Youth month

The month of June is called the youth month in South Africa. 16 June is a public holiday in remembrance of the students’ uprising in Soweto in 1976. On this day hundreds of young people lost their lives when they marched against the decision to introduce Afrikaans as the medium of instruction in public schools. The police used life ammunition to disperse the peaceful march. It is a habit in many schools to conduct a commemoration of this event close to the public holiday in which the challenges that the youth of today are faced with are also discussed.

The men’s action group of Tsibogang Christian Action Group that was founded in May 2021 and that has the name A Re Ageng Morafe (Let us build the nation!) came up with the idea to request the school management of some schools where our Tshepanang Peer Educators are teaching to use this year’s commemoration to talk about the issue of Gender Based Violence. In total our members got permission to conduct an awareness campaign in five schools. Two of these campaigns I attended myself.

The first one brought me to the village of Sprinbokpan to Tsholofelo Primary School. An ice-cold wind blew into our faces when we arrived. The campaign had to be conducted in the open because the school does not have a suitable assembly hall. It took some time until all the students were assembled. Everyone was bringing his chair from his classroom. In total there were 670 students from 14 classes and in addition the teachers and members of the school governing body. A mighty chorus filled the air. Then Lebogang Masibi, one of the members of A Re Ageng Morafe opens with scripture reading and prayer. Now is my turn to speak. I realize how the eyes of the many children are fixed on me full of expectancy. There is a sound of amazement when they hear that I am speaking Setswana. I make them aware that many of them when they have finished school will probably not find work. This is the plight of every third South African. This is particularly hard for the men because it means that they will no be able to fulfil their role as providers of the family. I urge the boys not to despise themselves when this should happen to them. They should not fall into the trap of thinking that they are now no longer real men. A man without job is still a man! He can show this through so many constructive and creative activities. But many men are not doing that but rather project their anger onto their partners.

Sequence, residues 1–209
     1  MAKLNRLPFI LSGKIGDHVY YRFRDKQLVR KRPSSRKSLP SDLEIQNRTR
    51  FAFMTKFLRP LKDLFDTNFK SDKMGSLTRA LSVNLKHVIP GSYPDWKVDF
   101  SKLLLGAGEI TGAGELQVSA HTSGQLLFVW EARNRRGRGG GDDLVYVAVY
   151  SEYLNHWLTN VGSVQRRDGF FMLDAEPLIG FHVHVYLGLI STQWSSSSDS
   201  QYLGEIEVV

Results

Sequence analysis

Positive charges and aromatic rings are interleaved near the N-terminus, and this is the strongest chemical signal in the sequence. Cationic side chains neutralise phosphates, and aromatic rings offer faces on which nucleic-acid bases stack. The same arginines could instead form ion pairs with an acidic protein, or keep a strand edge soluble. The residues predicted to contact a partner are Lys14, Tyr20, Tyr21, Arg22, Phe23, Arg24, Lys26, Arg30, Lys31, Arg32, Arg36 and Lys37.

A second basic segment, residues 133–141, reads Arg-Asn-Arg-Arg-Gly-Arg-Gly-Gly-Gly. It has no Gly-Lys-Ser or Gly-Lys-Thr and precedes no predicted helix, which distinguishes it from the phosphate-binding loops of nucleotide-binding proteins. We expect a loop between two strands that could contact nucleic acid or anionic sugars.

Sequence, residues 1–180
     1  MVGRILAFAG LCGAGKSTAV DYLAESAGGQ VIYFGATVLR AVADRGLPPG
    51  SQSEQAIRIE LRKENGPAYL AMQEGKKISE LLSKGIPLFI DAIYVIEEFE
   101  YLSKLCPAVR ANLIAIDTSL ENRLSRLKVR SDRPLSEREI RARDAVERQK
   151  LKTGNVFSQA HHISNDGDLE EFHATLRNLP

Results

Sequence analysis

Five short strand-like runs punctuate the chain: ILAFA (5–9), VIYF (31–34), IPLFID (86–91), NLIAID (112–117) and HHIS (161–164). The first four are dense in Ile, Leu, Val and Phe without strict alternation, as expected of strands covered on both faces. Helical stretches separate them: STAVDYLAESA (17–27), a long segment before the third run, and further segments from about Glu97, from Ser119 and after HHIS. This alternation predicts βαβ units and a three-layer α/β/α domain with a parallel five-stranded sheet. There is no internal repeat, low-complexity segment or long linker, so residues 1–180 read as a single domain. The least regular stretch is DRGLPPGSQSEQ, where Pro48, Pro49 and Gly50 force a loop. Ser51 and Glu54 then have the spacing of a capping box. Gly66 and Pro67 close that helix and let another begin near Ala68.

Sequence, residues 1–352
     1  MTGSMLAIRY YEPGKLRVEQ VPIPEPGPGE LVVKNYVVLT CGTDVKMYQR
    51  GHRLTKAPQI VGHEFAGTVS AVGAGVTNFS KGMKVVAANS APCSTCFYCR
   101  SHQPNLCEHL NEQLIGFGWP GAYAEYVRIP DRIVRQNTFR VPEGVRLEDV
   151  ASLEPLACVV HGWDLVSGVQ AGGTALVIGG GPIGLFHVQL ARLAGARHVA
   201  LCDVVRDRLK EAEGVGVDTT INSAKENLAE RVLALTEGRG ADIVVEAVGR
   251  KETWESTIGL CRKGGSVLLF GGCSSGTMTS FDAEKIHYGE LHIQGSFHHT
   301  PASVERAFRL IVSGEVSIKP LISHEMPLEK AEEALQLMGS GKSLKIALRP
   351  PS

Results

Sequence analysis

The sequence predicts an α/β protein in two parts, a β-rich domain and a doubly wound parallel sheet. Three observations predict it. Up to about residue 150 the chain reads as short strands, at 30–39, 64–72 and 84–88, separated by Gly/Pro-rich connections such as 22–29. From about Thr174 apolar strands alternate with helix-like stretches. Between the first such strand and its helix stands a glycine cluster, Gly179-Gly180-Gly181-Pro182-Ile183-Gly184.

After my speech the Tshepanang Choir presents two powerful songs. Then Lucky Gumede, another member of A Re Ageng Morafe tries to explain why it is outdated nowadays to see the man as the only provider of the family. Other short speeches follow. One of the students presents a poem. One can feel how difficult it is for him to overcome his stage fright. A the end the principal presents a vote of thanks. Then a meal is served that was prepared by our Tshepanang but sadly not to the students but only to the teachers and the school governing body representatives. Our budget does not allow for more.

The second campaign I was able to attend took place at Bophirima Secondary School in Itsoseng on 21.06.22. 255 students from Grade 8 and 9 squeeze themselves in a small hall. I realize that the topic of Gender Based Violence is closer to these older students. Besides the speeches there is a long drama that was prepared by a group of students of this school. It is typical for many dramas here that it shows the sad and tragic realities of Gender Based violence in a rather funny and humoristic way. At the end the women and children affected by GBV die.

Do such campaigns really make a difference? Many of the attending children probably could only understand parts of the speeches. What is good is that in the first school the campaign marked the end of 13 lessons on Gender Based Violence. For those children that were exposed to these lessons maybe something is sticking in their minds.

Wolfgang Hermann

Youth month